Streets if the old ghetto, Urbino
At the time of its establishment, the ghetto of Urbino numbered 369 people, a total of 64 families. The lights hanging from the ceiling of the synagogue are exactly 64: it was customary for every family to maintain a lamp.
The ghetto was established around Via Stretta. The Jews were compelled to build the wall surrounding the confined area. The ghetto remained accessible through three gates, which were closed every night at sunset. Entire communities in the neighboring towns were forced to move into the ghetto of Urbino, bringing three rabbis to the same city: Mosè da Porto from Sant’Angelo in Vado, Consolo de Raffaelle from Norcia, and Giacobbe Moscati from Fossombrone.
The area of the ghetto is clearly visible in a bird’s eye print from 1689 by Luci: the three gates, the bridge, the three main streets between Via delle Stallacce and Via Stretta. About half way on Via Stretta there used to be a square connected by a staircase to the street immediately above.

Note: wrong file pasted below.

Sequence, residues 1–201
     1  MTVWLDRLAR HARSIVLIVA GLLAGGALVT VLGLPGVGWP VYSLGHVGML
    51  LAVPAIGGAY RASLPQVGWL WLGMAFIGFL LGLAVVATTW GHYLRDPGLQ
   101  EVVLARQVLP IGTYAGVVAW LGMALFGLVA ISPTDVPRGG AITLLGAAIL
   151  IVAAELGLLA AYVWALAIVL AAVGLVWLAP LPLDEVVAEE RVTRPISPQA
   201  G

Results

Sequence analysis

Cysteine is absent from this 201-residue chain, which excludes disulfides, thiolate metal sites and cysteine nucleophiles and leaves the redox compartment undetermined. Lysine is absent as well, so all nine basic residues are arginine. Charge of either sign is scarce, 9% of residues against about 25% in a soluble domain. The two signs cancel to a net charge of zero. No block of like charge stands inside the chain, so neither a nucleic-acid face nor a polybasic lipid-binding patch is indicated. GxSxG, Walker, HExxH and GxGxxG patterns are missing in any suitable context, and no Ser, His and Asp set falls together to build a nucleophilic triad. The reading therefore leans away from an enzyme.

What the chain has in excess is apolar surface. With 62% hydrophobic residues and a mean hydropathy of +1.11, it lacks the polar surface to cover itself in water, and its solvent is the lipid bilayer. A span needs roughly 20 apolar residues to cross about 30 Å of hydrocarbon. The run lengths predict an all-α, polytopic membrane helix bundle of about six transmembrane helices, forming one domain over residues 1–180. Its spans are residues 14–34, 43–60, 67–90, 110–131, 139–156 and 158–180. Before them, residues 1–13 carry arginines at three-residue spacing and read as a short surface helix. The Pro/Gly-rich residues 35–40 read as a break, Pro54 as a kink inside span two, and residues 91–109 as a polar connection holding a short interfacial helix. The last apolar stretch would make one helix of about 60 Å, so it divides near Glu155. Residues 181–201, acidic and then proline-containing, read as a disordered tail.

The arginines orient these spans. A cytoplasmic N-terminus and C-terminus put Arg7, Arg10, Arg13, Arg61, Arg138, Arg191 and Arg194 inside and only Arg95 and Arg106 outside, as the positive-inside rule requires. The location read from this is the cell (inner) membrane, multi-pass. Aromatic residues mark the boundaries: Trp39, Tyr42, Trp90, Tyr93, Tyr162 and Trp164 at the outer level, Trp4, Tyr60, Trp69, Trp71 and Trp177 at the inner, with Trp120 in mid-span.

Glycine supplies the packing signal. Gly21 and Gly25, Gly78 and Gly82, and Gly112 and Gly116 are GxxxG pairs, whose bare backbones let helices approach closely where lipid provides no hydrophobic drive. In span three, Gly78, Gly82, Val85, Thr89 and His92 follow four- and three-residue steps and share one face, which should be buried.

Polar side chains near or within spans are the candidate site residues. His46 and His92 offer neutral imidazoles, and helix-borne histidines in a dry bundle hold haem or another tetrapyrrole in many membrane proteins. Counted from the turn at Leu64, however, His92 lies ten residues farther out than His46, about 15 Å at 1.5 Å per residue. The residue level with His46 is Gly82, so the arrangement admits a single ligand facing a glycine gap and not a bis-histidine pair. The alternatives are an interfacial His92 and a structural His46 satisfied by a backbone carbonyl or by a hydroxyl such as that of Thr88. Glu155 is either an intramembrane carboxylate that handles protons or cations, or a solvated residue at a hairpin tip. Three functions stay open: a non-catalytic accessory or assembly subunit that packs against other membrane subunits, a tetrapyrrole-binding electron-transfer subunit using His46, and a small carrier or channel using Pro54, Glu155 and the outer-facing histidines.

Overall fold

Streets of the old ghetto, Urbino
The only source of water for the inhabitants of the ghetto was a well in Via Stretta. At number 15 of the same street, a home from 1600 which had belonged to the sciattino (schoket), remained intact until recently. Isaac Perugia, the last member his family, lived there at the end of the 19th century. He carried on the activity of his father David, son of Emmanuel, also sciattino and synagogue care taker in the second half of the 1700’s. In a separate room of the small building there was a prayer room, accessible from a separate entrance. On the ground floor there was a small shop of “carni cascirre” (Khosher meat).
In 1797, with the arrival of the French, the doors of the ghetto were torn down and burnt. On their ashes was planted the “Tree of Liberty”. The rejoicing was short-lived: two years later, when the French retreated, riots broke out in the streets of the ghetto, homes and synagogues were invaded, destroyed and looted.